In the Words of Billy Joel, "I'm Moving Out."

... except there's much less malice in that phrase in accordance with my life than it is in that song. Good old Billy Joel; I can look to his songs and find one for every one of my frequently changing moods.

I went to his concert with a friend of mine a couple months ago (I can't really remember when, exactly... but who's counting days??), and I must say that I fell in love with him and his music all over again. Seriously, the man is a genius. Sure, his singing voice may not be top notch, but just listen to the music. I couldn't imagine anyone else singing it. Also, the works are phenomenal. His lyrics matched with his melodies... Wow. Plus, he is a brilliant performer. If you ask me, one of the best ones of our time. He doesn't need to flash his pecks like the talentless muck that parades our concert stages today. All he needs to do is step out on stage and sing his songs. Now, that's talent.

Back to the point of this blog... I'm slowly but steadily making my way out of my parents' house. I've got the majority of my books (about 75% that ends up filling 10 and 1/2 moving boxes), and today I'm bringing a good chunk of my clothes over. Really, all that I lack is the rest of my clothes and books (which can be taken over in one trip) and various odds and ends. I'm thinking 3 more trips between the house and the new apartment. I'm glad that I didn't have a deadline to move out like my sister did; I think that I would have had a nervous breakdown. I mean, I'm moving from a place that I've lived since I was FIVE. Do you realize how much CRAP I have stowed away in all of the nooks and crannies of my room? I found stuff that I haven't seen since elementary school. Crazy. There were a lot of memories to be had, though.

For example, there was this book that my mom bought me WAY back when... We thought it was a picture book. I was just starting my lifelong obsession with books, and I saw this beautifully covered book that had a picture of a unicorn on it (I was a little girl, so unicorns were very appealing to me.). At once, I had to have it. I didn't even look inside (So much for never judging a book by it's cover, right?). I begged my mother, and eventually she gave in, because, come on... What mother is going to refuse a child when the child shows an adamant interest in reading?? Well, we brought the book home, and I open to find blank pages. All of them... blank. Well, not all of them. Some of the pages were pictures. So it was a picture book... It was just a picture book that you were supposed to fill in, kind of like Samwise at the end of Lord of the Rings (I know, excuse me while I snort and push my glasses further up my nose... but I thought it was applicable.). Anyways, I remember sitting down and freaking out, because I couldn't think of what to do with this story. Heck, I could barely write (You see several instances in the pages that I didn't know how to spell beautiful... I ended up spelling it byootifull. Hooked on phonics worked for me!)! On some of the pages, the writing changes drastically-- and also suspiciously-- to my sister's handwriting. It was on those pages that I begged my sister to write for me. I don't really remember my reasoning, but I wanted her to write nevertheless. Reading that book just reminded me where my love for books and writing all began. I guess I have my mother to thank for that.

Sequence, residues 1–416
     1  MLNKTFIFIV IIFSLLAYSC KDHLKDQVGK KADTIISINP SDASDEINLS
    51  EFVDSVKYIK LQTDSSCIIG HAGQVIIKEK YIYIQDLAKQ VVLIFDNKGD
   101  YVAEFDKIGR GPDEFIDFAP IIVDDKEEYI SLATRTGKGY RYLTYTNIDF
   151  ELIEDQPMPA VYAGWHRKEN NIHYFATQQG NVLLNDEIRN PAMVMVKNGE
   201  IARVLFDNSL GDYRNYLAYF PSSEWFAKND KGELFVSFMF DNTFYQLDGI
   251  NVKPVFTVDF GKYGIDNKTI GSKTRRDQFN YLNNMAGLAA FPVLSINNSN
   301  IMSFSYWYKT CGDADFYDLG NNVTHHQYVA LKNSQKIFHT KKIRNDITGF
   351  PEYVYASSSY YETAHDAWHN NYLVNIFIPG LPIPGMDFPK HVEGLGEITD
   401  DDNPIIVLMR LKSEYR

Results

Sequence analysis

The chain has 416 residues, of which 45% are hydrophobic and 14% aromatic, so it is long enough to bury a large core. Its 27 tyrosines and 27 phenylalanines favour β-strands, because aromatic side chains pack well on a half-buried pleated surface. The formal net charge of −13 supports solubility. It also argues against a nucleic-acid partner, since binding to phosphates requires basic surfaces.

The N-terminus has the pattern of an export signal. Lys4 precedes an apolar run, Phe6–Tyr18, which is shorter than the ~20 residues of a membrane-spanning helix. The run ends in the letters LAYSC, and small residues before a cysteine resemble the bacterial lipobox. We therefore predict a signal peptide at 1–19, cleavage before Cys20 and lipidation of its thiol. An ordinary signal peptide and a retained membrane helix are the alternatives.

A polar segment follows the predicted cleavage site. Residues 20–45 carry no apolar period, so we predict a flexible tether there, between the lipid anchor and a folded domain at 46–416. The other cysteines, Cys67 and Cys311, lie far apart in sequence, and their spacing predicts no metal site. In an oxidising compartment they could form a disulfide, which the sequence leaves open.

In a lot of ways, I have really taken my parents for granted. They are wonderful people-- annoying as fingernails on a chalkboard at times, but wonderful people. Sure, they have their faults like the rest of us, and as their daughter I have this unreasonable standard set for them to be perfect and infallible. I guess as a little girl I thought that they were perfect, that what they said was how it was, that they were the gods of my little sheltered world. I didn't understand that they were human, that they made mistakes. I understand that now, and I'm doing my best not to expect perfection from them (I know they've long since given up on perfection from me.). As someone's kid, you expect them to always be there for you to pick you up when you fall, and it's good that you feel that you can trust them. But you reach a point where you do things not because you think, "Oh, mom and dad will pick me up if I fail," but because you want to be able to pick yourself up after you fail. It's that silly independence thing that starts to itch it's way into your skin once high school comes to a close. At least that's when it hit me. It might have come a little late for me compared to others, but... Hey! At least it hit me at all!

Cocoa's getting better, which lightens my heart so much. It's still unsure as to whether we're going to put her to sleep or not, but only time will tell that story. I had always hoped that she'd die peacefully in her sleep in our home. I hope that's how her story ends.

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